Since the introduction of the personality concept, psychologists have worked to formulate theories and create models describing human personality and reliable measure to accordingly. The filed has been successful to bring forth a number of robust models with corresponding measures. One of the most widely accepted and used is the Five Factor Model . The model describes human personality by five traits/factors, popularly referred to as the Big Five or OCEAN: Openness to experience, Conscientiousness, Extraversion, Agreeableness, and emotional stability111Normally named Neuroticism, but we will use the inverse stability throughout the paper to ensure consistently “positive” factor names, giving us a uniform correspondence between negative numerical factor values and negative personalities vs. positive values and positive personalities. (henceforth Stability). There is now an extensive body of research showing that these factors matter in a large number of domains of people’s life. Specifically, the Big Five factors have been found to predict life outcomes such as health, longevity, work performance, interpersonal relations, migration and social attitudes, just to mention some domains (e.g. [1, 9, 14, 20]).To date, the most common assessment of personality is by self-report questionnaires .
In the past decade however, personality psychologist, together with computer scientist, have worked hard to solve the puzzle of extracting a personality profile (e.g., the Big Five factors) of an individual based on a combination of social media activities . However, in the aftermath of Cambridge Analytica scandal, where the privacy of millions of Facebook users was violated, this line of research has been met with skepticism and suspicion. More recent research focuses on text from a variety of sources, including twitter data (e.g. [3, 15]). Recent development in text analysis, machine learning, and natural language models, have move the field into an era of optimism, like never before. Importantly, the basic idea in this research is that personality is reflected in the way people write and that written communication includes information about the author’s personality characteristics . Nevertheless, while a number of attempts has been made to extract personality from text (see below), the research is standing remarkably far from reality. There are, to our knowledge, very few attempts to test machine learning models “in the wild”. The present paper aims to deal with this concern. Specifically, we aim to (A) create a model which is able to extract Big Five personality from a text using machine learning techniques, (B) investigate whether a model trained on a large amount of solo-annotated data performs better than a model trained on a smaller amount of high quality data, and, (C) measure the performance of our models on data from another two domains that differ from the training data.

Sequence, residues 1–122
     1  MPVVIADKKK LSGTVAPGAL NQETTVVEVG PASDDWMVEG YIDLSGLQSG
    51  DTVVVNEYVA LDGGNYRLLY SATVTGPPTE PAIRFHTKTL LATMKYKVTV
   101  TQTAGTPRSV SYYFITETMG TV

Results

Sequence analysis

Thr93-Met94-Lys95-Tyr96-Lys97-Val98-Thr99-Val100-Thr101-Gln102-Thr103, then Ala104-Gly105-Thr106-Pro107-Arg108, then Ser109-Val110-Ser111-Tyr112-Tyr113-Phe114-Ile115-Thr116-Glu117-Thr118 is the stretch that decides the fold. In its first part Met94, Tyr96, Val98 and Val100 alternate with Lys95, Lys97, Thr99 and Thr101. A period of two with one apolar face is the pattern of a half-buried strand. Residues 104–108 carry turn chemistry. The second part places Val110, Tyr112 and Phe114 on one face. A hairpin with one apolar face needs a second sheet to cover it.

Ii Related Work